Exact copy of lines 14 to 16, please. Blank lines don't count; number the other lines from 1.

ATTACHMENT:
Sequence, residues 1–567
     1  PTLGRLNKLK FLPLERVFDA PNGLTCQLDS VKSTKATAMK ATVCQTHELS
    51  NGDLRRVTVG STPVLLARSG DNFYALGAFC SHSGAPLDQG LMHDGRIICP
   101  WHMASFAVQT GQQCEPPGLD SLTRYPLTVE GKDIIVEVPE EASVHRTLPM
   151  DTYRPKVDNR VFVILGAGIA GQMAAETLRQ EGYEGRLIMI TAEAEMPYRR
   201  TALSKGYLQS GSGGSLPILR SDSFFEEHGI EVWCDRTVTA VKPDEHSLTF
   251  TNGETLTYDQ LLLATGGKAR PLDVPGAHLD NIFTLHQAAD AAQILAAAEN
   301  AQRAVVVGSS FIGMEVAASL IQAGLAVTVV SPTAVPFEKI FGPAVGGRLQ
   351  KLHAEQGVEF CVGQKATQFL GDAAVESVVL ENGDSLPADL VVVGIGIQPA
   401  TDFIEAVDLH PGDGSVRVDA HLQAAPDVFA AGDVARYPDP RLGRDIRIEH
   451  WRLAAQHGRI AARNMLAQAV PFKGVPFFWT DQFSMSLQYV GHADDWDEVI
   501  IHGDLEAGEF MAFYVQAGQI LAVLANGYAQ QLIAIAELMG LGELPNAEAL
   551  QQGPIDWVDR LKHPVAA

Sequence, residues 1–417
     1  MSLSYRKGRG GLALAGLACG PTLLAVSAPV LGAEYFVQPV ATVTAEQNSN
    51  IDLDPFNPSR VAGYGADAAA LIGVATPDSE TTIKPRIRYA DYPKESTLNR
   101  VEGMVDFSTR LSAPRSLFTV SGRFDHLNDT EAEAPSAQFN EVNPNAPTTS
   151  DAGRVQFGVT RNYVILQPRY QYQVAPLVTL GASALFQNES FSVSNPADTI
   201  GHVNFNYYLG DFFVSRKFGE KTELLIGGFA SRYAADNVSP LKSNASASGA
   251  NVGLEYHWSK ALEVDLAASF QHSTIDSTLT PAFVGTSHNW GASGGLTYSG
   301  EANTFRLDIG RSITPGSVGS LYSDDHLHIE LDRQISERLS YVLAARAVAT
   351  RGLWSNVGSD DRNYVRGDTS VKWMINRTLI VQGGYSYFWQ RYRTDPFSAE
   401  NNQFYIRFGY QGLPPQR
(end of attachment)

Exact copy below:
Sequence, residues 1–417
     1  MSLSYRKGRG GLALAGLACG PTLLAVSAPV LGAEYFVQPV ATVTAEQNSN
    51  IDLDPFNPSR VAGYGADAAA LIGVATPDSE TTIKPRIRYA DYPKESTLNR